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This eBook from the Gutenberg Project consists of approximately 678 pages of information about Harvard Psychological Studies, Volume 1.

When the phases of accented and unaccented elements are compared, irrespective of their position in the rhythmic group, the same functional differences are found to exist as in the case of triple rhythms.  Their quantitative relations are given in the following table.

TABLE XLVI.

  Phase.  I II III IV V VI VII VIII IX X
  Accented. 1.000 1.103 1.069 1.172 1.241 1.139 1.206 1.310 1.241 1.310
  Unacc., 1.000 1.083 1.128 1.169 1.159 1.208 1.169 1.250 1.169 1.169

The cause of the apparent retardation lies, as before, in a change occurring primarily in the accented elements of the rhythm, and this progressive differentiation, it is inferable from the results cited above, affects adjacent unaccented elements as well, the whole constituting a process more naturally interpretable as a functional accompaniment of progressive definition in the rhythmical treatment of the material than as a mark of primary temporal retardation.

The contribution of the several intervals according to position in the series and irrespective of accentual stress is given in the table following.

TABLE XLVII.

  Interval.  I II III IV V VI VII VIII IX X
  First, 1.000 1.136 1.136 1.182 1.227 1.227 1.227 1.273 1.318 1.318
  Second, 1.000 1.042 1.042 1.125 1.166 1.042 1.042 1.083 1.083 1.166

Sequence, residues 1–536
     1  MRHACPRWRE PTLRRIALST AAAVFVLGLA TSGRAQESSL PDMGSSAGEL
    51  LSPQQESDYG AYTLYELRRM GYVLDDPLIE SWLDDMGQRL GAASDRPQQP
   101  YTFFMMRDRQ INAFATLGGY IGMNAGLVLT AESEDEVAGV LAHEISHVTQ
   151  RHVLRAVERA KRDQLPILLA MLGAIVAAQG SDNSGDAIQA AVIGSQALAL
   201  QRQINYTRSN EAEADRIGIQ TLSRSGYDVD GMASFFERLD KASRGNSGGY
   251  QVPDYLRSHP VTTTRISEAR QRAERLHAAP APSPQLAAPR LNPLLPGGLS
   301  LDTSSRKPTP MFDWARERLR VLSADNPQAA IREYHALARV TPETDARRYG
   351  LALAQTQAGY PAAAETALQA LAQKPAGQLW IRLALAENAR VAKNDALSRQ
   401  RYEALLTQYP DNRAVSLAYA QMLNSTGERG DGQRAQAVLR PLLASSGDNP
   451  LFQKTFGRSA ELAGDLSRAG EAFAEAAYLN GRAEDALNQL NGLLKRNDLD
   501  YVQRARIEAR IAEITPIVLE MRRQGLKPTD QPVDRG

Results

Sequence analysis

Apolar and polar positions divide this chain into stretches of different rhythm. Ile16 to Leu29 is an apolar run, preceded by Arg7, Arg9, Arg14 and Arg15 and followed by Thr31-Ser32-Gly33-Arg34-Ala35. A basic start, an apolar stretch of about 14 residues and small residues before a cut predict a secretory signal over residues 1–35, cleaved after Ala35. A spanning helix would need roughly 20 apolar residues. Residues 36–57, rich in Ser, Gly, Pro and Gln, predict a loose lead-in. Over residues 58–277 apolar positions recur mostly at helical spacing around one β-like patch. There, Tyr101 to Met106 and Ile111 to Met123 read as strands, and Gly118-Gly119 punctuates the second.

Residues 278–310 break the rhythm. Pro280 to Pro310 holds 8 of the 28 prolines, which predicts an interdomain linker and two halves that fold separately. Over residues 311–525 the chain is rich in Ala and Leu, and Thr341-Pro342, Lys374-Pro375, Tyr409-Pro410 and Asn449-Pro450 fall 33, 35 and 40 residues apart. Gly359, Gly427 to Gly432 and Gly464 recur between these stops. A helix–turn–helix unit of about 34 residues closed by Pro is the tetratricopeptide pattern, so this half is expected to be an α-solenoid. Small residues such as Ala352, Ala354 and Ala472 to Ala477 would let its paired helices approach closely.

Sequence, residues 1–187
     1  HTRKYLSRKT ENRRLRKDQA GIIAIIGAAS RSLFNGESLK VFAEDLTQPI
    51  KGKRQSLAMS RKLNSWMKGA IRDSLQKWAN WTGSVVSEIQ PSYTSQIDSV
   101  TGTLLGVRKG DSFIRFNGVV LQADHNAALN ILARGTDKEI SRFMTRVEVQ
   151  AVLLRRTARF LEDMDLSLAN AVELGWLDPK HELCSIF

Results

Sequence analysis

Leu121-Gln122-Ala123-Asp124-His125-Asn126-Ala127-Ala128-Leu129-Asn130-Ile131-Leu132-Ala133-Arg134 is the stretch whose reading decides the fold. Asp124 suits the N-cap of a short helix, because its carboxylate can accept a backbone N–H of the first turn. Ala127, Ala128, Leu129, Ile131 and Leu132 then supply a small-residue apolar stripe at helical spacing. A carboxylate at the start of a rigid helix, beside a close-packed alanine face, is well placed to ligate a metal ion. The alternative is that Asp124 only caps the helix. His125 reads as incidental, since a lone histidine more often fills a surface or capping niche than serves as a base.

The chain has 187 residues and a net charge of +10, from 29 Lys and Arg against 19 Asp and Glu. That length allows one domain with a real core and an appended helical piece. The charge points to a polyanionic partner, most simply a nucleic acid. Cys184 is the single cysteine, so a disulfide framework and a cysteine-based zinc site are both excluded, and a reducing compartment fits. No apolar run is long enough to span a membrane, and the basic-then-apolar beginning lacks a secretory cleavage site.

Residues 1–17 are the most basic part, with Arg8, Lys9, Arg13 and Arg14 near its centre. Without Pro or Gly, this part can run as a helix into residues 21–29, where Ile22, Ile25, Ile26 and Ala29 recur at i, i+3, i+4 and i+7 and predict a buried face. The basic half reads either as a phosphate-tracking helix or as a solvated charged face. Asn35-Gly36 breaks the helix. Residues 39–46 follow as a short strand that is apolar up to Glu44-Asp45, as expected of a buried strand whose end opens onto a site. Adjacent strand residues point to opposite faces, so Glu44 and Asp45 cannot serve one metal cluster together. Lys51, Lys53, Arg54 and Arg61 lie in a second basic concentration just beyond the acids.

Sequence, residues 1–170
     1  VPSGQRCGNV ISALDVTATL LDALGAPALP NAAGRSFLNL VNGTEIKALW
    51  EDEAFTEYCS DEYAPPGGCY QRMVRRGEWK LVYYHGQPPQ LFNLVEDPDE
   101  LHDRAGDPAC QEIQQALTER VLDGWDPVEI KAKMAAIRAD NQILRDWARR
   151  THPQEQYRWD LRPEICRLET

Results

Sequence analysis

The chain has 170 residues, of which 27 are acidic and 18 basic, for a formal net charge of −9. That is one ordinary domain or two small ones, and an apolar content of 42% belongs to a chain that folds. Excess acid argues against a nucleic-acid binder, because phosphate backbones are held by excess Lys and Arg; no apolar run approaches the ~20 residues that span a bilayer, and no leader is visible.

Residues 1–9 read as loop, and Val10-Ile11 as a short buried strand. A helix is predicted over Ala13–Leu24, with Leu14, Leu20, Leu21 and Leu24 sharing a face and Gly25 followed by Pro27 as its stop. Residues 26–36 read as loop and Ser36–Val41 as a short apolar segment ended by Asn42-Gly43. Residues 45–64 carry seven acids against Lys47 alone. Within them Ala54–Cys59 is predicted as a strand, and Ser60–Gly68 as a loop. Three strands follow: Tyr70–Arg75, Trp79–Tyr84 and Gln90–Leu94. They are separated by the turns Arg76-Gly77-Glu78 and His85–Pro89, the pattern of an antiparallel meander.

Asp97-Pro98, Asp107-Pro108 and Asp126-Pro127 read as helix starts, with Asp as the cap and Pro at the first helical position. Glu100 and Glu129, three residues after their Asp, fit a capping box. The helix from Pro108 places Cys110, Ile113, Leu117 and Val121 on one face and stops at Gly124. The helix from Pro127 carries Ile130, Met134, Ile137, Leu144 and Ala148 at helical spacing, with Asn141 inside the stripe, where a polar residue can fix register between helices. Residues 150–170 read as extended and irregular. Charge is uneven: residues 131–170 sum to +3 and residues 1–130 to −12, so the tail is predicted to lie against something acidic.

Third, 1.000 1.150 1.250 1.250 1.250 1.250 1.400 1.400 1.450 1.450
  Fourth, 1.000 1.059 1.059 1.147 1.179 1.147 1.179 1.294 1.206 1.179

A rhythmical alternation is here presented, the contributions of the first and third elements being far in advance of those of the second and fourth.  The values of the minor pair are almost equal; of the major the third exceeds the first.  Under the assumption already made this would indicate the existence at these points of nodes of natural accentuation, of which the second marks the maximum reached in the present series.

The determination of relative time-values for accented and unaccented intervals was next sought by indirect experimentation, in which the affective aspect of the experience was eliminated from consideration, and account was taken only of the perception of quantitative variations in the duration of the successive intervals.  Proceeding from the well-known observation that if every alternate element of a temporally uniform auditory series receive increased stress, the whole series will coalesce into successive groups of two elements in which the louder sound precedes and the weaker follows, while the interval which succeeds the unaccented sound, and which therefore separates adjacent groups, will appear of greater duration than that which follows the accented element, the investigation sought by employing the method of right and wrong cases with a series of changing time-values for the two intervals to determine the quantitative proportion of the two durations necessary to produce the impression of temporal uniformity in the series.

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